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Larry Lindsey

President & CEO, The Lindsey Group

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Opinion

How Chinese media covered Biden-Xi meeting

Nov 20, 2023

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Larry Lindsey

President & CEO, The Lindsey Group

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U.S. President Joe Biden and Chinese President Xi Jinping recently met in San Francisco, marking their first in-person meeting in more than a year. After years of rising U.S.-China tensions, expectations for the meeting were understandably low.

Straight Arrow News contributor Larry Lindsey examined Chinese domestic media coverage of the meeting to identify the hopes, expectations and perceptions of the Chinese public regarding the events in San Francisco. Lindsey concludes that Chinese domestic coverage was overly favorable and propagandistic, yet also very plausible, and that Chinese writers ultimately noted a number of sound arguments and observations.

President Biden and General Secretary Xi Jinping had their first meeting in a year in San Francisco. Expectations were low. The U.S. media basically said it was a snooze. Or, as Winston Churchill said, it’s still a good thing, “It’s better to jaw jaw than to wah wah.” Using Churchill’s accent, it rhymes.

Well, the Chinese media had a different take. They called what happened the creation of “the San Francisco vision.” They said this summit is a strategic and far-reaching meeting, leaving a profound mark in the history of U.S.-China relations. Well, of course they’re going to tell that to their own people, because they’re trying to make Jinping look good. Okay. So, certainly their reaction was propaganda. But it was not totally implausible propaganda. I think that looking at it, they had three good points.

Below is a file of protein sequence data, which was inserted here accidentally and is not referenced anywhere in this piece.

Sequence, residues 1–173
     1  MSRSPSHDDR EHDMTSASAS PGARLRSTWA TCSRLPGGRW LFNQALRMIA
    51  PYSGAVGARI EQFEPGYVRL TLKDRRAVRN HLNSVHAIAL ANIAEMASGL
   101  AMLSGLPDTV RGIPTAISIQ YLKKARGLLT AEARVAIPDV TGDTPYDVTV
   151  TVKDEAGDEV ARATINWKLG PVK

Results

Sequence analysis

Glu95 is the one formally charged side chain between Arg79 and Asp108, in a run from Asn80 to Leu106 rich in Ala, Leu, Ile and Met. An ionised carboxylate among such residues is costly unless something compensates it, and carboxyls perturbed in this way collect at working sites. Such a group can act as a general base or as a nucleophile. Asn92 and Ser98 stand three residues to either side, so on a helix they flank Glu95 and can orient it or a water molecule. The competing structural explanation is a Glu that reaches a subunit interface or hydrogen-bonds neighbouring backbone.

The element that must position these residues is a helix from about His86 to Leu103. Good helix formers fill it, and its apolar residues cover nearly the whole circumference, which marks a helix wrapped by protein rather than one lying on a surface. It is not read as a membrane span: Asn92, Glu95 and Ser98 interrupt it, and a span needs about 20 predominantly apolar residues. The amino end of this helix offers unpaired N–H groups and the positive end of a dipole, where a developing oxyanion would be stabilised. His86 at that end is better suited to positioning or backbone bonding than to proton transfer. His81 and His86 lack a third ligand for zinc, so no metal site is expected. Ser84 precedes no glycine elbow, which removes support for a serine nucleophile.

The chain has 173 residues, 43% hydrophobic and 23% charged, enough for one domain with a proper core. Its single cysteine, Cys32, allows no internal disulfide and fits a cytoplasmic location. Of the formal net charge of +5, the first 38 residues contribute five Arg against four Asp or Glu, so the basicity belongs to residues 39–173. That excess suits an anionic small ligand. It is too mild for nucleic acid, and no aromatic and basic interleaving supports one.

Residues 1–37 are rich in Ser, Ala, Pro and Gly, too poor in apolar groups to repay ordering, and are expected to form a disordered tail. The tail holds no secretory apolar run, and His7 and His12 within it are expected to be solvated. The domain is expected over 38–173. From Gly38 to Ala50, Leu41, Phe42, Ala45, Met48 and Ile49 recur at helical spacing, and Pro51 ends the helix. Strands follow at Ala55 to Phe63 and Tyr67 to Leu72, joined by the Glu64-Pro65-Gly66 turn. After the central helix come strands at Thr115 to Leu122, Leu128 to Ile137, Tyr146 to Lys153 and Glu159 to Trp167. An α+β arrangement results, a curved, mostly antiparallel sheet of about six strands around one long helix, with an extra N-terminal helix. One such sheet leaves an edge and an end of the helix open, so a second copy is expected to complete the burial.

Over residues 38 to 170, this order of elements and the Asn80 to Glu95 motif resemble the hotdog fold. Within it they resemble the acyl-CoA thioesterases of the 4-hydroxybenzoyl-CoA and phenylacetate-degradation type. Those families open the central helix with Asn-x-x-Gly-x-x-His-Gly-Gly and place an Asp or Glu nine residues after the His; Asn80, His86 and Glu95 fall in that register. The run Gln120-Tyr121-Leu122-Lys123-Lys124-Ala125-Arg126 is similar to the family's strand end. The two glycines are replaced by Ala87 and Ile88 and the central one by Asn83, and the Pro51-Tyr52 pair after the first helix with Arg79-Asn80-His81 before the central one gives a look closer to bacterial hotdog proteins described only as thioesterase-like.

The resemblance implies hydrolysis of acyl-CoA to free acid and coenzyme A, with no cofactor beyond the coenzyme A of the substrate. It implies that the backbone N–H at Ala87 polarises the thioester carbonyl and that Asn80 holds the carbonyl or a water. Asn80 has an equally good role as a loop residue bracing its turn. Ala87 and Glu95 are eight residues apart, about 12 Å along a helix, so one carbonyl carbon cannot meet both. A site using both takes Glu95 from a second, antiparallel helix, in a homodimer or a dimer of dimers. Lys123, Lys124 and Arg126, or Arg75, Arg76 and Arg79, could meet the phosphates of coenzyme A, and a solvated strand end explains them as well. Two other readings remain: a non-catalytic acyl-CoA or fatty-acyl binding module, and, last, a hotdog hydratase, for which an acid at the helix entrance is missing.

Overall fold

First, Xi established China as America’s equal in the world. Now consider Xi’s line that was repeated over and over again: “The world is big enough to accommodate both our countries.” Fair enough. How about everyone else, like the Philippines, which is having its navy ships and fishing boats rammed by the Chinese navy all the time, or the other nations that border on the South China Sea, which China is trying to claim in its entirety, right up to the three-mile limit of the other countries, or Japan, which [has] had interdictions between planes of their two air forces? So Xi, what he was trying to do with [this] line is not trying to say peace, but saying, “Hey, it’s really just the two of us. We’re all that matter.

President Biden and General Secretary Xi Jinping had their first meeting in a year in San Francisco. Expectations were low. The U.S. media basically said it was a snooze. Or, as Winston Churchill said, it’s still a good thing, “it’s better to jaw jaw than to wah wah.” Using Churchill’s accent, it rhymes.

Well, the Chinese media had a different take. They called what happened the creation of “the San Francisco vision.” They said this summit is a strategic and far-reaching meeting, leaving a profound mark in the history of U.S.-China relations. Well, of course they’re going to tell that to their own people, because they’re trying to make Jinping look good. Okay. So, certainly their reaction was propaganda. But it was not totally implausible propaganda. I think that looking at it, they had three good points.